So this bad boy’s been advertised ALOT around London.
The Sirtfood Diet – the promise of losing 7lbs in 7 days.
You can eat all sorts of great things, apparently. Red wine, notably pinot noir and some dark chocolate. Who wouldn’t want to eat those on a ‘diet’ that helps you lose 7lbs in 7 days.
James Haskell’s ethical policy on his website suggests he ‘fundamentally believes in and….exceeds exceptions”. So you’d think that this product, with that kind of endorsement might be something worth noting.
You will be right this is going to be be a ridiculous concept but I want to pick apart everything in it so we can continue to develop a good critical eye when it comes to ‘diet book’s’.
I’ll give you a quick run though.
Apparently eating certain foods on this Sirtfood Diet, you activate these sirtuin genes that should help keep you young, burn more fat and boost your metabolism. These, 7 or so genes have been researched with big budgets from companies such as GlaxoSmithKlein spending a reported $700million.
The initial program was set up for a gym in London called KX Gym by Aidan Goggins and Glen Matten. Apparently KX wanted a detox program backed by science. The reported cost of the sirtfood diet program was £1475 but, conveniently you can purchase this book for £7.99 with all the ‘secret’s’.
First 3 days on the sirtfood diet are apparently around 1000kcal’s consisting of two green drinks and one meal. These greens drinks contain kale, celery, rocket, lovage, green tea and lemon. Your one meal is like a buckwheat noodle, white meat stir fry. Now I’ve done some calculation’s and a shake of the ingredients listed comes to about 100kcal’s. Thats based on around 100g of each ingredient. So that would leave you around 800kcal’s for dinner. A reasonable sized prawn stir fry and some buckwheat noodles (as suggested in the book) contains a little more than 500kcal’s. A typical female in the UK weighing 70kg, would be starving on this intake for 3 days.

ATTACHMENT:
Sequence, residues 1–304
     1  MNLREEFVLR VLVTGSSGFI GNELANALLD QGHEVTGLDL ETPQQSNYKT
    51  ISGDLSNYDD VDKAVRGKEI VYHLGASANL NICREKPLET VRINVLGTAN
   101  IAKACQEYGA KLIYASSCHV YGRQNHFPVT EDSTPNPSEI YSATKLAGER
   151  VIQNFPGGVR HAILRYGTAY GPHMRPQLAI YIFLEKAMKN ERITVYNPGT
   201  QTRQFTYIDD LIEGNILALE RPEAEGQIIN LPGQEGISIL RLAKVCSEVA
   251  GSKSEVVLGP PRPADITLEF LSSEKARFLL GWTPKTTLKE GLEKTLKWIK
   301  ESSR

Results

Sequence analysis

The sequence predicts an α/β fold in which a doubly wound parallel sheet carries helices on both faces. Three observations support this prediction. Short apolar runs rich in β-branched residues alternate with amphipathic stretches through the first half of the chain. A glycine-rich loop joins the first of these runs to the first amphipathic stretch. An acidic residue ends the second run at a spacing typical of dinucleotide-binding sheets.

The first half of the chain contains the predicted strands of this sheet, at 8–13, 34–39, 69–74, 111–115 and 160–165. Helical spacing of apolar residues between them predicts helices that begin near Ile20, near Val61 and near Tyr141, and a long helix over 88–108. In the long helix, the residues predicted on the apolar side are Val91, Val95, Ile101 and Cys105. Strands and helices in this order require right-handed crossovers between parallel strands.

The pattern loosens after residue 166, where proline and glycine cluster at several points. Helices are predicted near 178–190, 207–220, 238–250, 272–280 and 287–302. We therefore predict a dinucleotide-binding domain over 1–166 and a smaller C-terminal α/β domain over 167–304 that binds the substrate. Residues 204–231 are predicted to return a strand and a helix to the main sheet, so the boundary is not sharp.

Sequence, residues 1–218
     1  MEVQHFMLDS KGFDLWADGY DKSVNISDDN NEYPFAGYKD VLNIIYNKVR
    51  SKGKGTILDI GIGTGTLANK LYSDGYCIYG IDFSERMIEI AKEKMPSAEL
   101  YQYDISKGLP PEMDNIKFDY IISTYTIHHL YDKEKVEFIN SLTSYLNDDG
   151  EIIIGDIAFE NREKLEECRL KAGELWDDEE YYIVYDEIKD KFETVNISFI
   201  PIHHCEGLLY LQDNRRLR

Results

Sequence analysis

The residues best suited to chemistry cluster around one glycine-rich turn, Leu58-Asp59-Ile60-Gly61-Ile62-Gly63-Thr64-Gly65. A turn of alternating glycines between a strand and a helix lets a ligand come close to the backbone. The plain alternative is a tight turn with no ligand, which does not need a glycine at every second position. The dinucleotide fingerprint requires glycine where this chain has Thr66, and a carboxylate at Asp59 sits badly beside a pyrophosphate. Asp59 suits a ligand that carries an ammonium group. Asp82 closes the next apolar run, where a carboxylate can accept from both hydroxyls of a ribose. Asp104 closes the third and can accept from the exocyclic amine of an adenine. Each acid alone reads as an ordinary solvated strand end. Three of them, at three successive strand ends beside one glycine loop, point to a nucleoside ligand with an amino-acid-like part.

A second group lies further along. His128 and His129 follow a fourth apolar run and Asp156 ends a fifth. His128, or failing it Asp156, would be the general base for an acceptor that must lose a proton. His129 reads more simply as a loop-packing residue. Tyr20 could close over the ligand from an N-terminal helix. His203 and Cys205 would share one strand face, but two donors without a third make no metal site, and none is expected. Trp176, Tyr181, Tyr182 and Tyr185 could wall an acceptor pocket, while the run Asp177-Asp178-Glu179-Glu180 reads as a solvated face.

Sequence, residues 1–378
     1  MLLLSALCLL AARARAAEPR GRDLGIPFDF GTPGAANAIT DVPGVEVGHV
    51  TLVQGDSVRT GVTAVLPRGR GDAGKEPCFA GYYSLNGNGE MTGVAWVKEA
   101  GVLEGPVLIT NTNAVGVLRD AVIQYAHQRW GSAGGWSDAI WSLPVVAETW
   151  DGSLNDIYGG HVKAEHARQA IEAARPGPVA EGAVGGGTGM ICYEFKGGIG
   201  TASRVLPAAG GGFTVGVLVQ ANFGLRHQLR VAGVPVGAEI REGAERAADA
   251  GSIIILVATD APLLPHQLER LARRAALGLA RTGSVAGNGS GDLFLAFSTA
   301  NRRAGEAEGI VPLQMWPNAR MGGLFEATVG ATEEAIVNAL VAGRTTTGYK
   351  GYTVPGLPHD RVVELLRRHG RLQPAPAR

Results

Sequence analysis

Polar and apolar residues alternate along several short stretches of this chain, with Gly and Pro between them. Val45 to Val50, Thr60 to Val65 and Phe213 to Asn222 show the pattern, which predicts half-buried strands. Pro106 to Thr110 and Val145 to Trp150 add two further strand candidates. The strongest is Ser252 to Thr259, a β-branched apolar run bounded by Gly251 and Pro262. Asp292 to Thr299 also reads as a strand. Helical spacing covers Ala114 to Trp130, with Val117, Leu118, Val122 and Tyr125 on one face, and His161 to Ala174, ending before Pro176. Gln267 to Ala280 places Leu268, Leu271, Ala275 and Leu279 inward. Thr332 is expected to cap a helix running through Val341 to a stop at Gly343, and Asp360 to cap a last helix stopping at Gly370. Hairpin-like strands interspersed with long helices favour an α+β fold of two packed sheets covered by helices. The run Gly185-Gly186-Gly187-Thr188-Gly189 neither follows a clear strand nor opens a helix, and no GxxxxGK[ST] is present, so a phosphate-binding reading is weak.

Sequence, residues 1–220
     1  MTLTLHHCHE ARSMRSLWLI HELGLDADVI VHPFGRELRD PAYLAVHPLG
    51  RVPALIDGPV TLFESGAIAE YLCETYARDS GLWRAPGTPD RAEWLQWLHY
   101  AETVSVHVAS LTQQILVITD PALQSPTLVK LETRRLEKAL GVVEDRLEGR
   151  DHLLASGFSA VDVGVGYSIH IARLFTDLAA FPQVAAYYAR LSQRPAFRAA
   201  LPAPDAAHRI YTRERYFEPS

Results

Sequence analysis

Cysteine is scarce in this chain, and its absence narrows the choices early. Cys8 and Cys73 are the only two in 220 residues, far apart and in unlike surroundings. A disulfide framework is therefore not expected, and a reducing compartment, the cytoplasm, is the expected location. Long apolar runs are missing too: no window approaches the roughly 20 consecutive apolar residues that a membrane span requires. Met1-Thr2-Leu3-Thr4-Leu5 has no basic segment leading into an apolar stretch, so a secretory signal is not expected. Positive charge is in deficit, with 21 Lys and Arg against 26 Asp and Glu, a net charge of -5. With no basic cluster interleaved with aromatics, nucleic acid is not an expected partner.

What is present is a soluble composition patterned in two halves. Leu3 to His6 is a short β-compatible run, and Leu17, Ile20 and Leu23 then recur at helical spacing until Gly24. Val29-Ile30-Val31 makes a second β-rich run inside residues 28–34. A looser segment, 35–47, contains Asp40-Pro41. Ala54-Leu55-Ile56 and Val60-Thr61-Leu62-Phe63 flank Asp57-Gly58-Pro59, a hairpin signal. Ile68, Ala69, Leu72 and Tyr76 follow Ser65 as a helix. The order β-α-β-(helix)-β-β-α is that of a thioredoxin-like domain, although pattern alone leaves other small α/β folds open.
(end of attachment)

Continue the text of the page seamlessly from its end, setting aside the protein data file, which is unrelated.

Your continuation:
Apparently from day 4 to day 7 you should then consume, 2 juices and 2 meals to come to around 1500kcal’s. These numbers are a little overestimated and will likely leave people in extreme deficits. With the likely low protein intake there is a going to be a significant drop in performance in the gym and no real hope of keeping that hard earned muscle mass which is one of the promised benefits of the sirtfood diet.
The most annoying part for me is this use of ‘science’ to make this diet more credible. In the evening standard the authors of the book talk about a trial they ran with 40 of the KX gym goers. Aidan Goggins is reported to have said “there was a degree of calorie restriction, but this was way beyond what we had expected”.
So some 1000kcal’s a day is regraded as a ‘degree of restriction’. Ridiculous. Buy Phentermine In Australia Online
Further if we take that average, in the UK of around 70kg for a female you will be losing 4.5% of your bodyweight. Thats a tremendous amount when compared to a conservative, muscle maintaining 1%.
In one of the newspapers a study is highlighted to support this Sirtfood Diet. Its a study in some mice that lived longer when activating a particular sirt gene but failed to quote or even mention a researcher that said “the case whether any one of them is important to ageing and longevity in mammals is somewhat weak and circumstantial.” Funny that.
I think it goes with out saying that these (including the sirtfood diet) are ‘new year’ fad diets. Or as I like to call them Food Avoidance Diets. Reporting weight loss like this in such a short space of time should be a massive alarm bell. Its a gimmick, its unsustainable and not even worth the £7.99 let along some ridiculous £1475 you might have paid these numpties.
Just, please, be critical and ignore a diet that has been built around making money.